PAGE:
Salty – In Sanskrit, the salty taste known as Lavana is beneficial in small amounts for the bile in the liver and gallbladder to digest fats.
Salty or high sodium foods are prevalent in most diets, but run extra high in processed chips, pretzels and fried snacks. Cravings for processed salty foods may reflect either an electrolyte deficiency in the body, dehydration or changes in kidney function.
The Mayo Clinic actually recommends the Dietary Approaches to Stop Hypertension (DASH) diet for individuals watching their salt, limiting sodium intake to only 1500mg to 2300mg per day.
To moderate excess salt cravings:
1. Switch from Morton’s or sea salt to a land salt like Himalayan Pink Rock salt.
2. Try smaller amounts of natural foods high in sodium like sea vegetables, beet greens, fish, egg yolks, lean meats and low fat dairy.
Pungent – The pungent taste is referred to as Katu in Sanskrit and is responsible for heating and igniting cellular “fire” in the body. Pungent foods correspond to the fiery digestive action of the small intestines.
An excess of the pungent taste results in overeating of foods like chili peppers, garlic, raw onions or paprika. These spices are often used to enhance the flavor of fried and processed chips, snacks and sauces.
Overuse of the pungent taste creates inflammation in the body and may damage the joints, muscles and liver.
Carefully monitoring food intake with the pungent flavor and eating fresh, naturally pungent vegetables will lessen the craving for artificially hot flavored foods.
Bitter – Believe it or not, according to Ayurveda, bitter, known as Tikta in Sanskrit, is the taste responsible for one of the most popular food cravings- Chocolate!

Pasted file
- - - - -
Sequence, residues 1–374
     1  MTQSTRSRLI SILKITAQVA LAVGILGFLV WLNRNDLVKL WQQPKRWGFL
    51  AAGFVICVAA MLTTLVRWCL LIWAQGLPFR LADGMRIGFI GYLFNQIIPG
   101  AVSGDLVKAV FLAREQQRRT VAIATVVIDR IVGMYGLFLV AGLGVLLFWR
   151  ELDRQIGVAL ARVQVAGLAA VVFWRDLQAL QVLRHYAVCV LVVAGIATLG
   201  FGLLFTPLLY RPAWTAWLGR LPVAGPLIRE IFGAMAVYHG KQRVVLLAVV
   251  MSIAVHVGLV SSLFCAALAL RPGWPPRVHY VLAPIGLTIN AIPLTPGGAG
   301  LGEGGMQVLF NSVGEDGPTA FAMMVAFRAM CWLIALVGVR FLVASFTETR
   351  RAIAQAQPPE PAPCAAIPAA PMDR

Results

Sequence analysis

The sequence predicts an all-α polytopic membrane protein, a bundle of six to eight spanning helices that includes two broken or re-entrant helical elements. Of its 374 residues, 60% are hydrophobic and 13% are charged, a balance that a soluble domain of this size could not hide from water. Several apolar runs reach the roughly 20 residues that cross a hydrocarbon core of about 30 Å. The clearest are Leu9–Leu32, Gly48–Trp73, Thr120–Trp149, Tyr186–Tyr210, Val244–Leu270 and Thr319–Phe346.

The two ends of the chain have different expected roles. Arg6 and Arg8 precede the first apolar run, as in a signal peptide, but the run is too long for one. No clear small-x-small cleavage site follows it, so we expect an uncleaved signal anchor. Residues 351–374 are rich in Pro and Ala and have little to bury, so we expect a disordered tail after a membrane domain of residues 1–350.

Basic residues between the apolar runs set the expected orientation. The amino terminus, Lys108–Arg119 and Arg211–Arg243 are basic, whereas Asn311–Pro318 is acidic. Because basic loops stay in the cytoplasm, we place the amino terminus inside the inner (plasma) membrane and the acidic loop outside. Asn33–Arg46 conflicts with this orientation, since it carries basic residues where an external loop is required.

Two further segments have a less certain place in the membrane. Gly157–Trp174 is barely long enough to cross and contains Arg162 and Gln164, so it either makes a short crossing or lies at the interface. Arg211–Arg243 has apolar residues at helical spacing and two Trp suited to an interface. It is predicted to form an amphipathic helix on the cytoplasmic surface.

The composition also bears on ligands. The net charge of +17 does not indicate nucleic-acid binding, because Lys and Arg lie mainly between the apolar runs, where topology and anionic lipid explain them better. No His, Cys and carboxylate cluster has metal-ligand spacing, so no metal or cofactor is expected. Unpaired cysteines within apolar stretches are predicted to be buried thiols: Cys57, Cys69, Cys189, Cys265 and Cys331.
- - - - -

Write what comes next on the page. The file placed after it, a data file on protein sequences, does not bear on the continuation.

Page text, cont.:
The bitter taste is thought to reflect the natural flavor of many foods with key minerals that are often overlooked such as nutrient dense seeds and nuts.
Instead, individuals craving bitter taste reach for chocolate and chocolate-flavored processed foods.
According to Ayurveda, the bitter taste is critical to digestion because it indicates to the body to stop eating. Therefore bitter foods should be eaten at the end of a meal to signal to the body that eating time is over. Bitter foods also help detoxify tissues and blood, reduce cholesterol and fats and tonify the kidneys.
To reduce chocolate cravings, begin to include bitter foods such as leafy greens – spinach, kale, chard, beets and mustard greens, collards – along with pumpkin and sunflower seeds, almonds, brazil nuts and bitter spices like turmeric and fenugreek as a regular part of the diet.
Astringent – As one of the more challenging tastes to recognize, the astringent taste is present in dry foods such as legumes/beans/lentils, vegetables like jicama, artichokes and sprouts and raw fruits like pomegranate and apples.
Excess cravings for astringent foods often results in overeating of chips, crackers, bread, rice cakes, cereals, protein bars and similar dry foods.
Astringent foods are beneficial to the colon in digestion, but should not be eaten in excess. Reducing portions of astringent foods and eating naturally astringent foods only in the wet, spring season, will appropriately reduce the excess craving.